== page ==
“I’m sure Beatrice won’t,” said the voice.  When the Captain didn’t reply it continued, “Beatrice was the name of the woman you ordered shot.  She was eighty-five and had lived here her entire life.  Her parents walked here from Rennes eight years before she was born, fleeing accusations of witchcraft.”
“How do you know?” The Captain didn’t sound curious, he sounded terrified.  His voice wobbled a little as he spoke, and was higher than his normal contralto.  “She’s dead.  I ordered her shot.”
“Indeed you did, little Faustschen,” said the voice.  “And am I not Mephistopheles for you?  Shouldn’t I know these things?”
The Captain turned on one heel of his well-polished boots and hurried away down the corridor and back to the stairs where he felt his way down again, sweat running icy-cold down his spine, unable to shake the conviction that he was being watched all the way.
Inside the room the owner of the voice paused from her activities for a moment to allow Beatrice’s memories a moment to settle.  Like butterflies descending on a flowering bush they gathered around her and she welcomed them in, riffling through them as though they were magazine pages, marking ones that interested her, and pushing others of no interest to one side.  When she felt that she had them under control she returned to drawing on the floor in wet, sticky fluids, quietly muttering words of binding and power as each line completed.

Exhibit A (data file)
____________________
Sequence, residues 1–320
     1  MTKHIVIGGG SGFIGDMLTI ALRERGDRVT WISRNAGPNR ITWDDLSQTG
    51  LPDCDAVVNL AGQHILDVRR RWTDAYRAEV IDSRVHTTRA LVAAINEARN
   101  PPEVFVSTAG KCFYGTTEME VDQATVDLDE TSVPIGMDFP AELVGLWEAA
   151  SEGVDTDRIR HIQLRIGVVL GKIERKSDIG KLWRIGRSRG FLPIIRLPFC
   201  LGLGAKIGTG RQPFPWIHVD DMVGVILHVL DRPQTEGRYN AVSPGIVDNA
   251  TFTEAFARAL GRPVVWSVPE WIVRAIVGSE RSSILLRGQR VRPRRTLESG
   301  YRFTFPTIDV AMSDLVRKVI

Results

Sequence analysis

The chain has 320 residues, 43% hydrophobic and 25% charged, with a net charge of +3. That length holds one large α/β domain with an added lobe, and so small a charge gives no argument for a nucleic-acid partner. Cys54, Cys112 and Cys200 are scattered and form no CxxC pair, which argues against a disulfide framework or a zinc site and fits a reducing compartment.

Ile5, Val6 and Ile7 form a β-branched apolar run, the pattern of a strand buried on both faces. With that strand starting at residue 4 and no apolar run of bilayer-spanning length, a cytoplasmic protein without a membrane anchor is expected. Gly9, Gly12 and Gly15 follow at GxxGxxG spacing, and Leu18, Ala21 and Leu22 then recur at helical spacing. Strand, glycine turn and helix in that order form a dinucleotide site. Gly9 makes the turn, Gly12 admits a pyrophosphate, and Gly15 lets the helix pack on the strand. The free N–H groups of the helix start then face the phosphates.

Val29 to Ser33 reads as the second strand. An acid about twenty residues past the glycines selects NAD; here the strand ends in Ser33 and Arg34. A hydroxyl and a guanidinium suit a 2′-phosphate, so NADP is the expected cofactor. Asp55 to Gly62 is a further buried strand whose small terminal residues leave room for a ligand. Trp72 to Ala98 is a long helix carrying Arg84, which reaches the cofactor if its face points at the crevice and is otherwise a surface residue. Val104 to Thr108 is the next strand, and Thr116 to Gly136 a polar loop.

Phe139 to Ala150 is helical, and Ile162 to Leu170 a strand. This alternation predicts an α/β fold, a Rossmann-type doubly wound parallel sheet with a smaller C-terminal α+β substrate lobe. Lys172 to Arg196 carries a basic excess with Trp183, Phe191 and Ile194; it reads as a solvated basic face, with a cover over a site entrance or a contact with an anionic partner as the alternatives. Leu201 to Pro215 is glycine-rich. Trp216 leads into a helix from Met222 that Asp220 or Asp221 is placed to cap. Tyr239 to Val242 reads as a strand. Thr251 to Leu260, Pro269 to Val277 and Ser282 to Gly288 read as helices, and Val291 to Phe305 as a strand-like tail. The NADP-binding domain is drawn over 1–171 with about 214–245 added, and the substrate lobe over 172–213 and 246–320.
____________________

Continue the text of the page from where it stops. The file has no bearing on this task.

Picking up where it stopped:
The Captain sat at the bar alone.  Around the room were his men, but they were either comatose or dead and he didn’t want to shake any of them to find out which they were.  The woman upstairs, the Snail, had stated her requirements and he had received the letter from headquarters instructing him on the actions he was to take to fulfil them.  His hands had shaken as he’d poured shot-glasses of sparkling liquids into the bottles of wine that he’d then served to the tables himself, and for a moment he’d wondered if he shouldn’t drink with them and lessen the burden somehow.  But when he’d gone to fetch another glass from the bar she’d been standing there, misshapen and cold, and he’d dropped the glass on the floor in shock.
“Clean that up,” she’d said, the breath of violets coming a moment after she’d spoken.
He knocked back a tumbler of whiskey and shook as it burned its way down his throat, fighting the urge to throw up.  He stared at the dark wood of the bar counter, unable in the gloom to make out any details, and then lifted his head up to stare behind the bar.  What was the point of being here when abominations like the Snail were allowed to do as they please?  Why did he have to shoot old women who protested by hanging out their washing on a tank that would be a target for any aircraft that flew overhead?  Surely she’d been doing him a favour by camouflaging it.
His eyes rested on a shape in the gloom, and slowly his brain teased out the detail: a salt pig.
They call her the Snail, he thought, slowly, muzzily.  L’escargot français, but I thought that escargot was masculine.  Perhaps she won’t like the salt either.

Quietly, listening to his heart pound in his chest as though it were the parade’s drum, he stood up and went behind the bar again.  The salt pig was quite full, and he spread the salt liberally around on the bottom three stairs.  Probably it was just a waste of salt, but who knew?  Perhaps the Escargot would take after her namesake.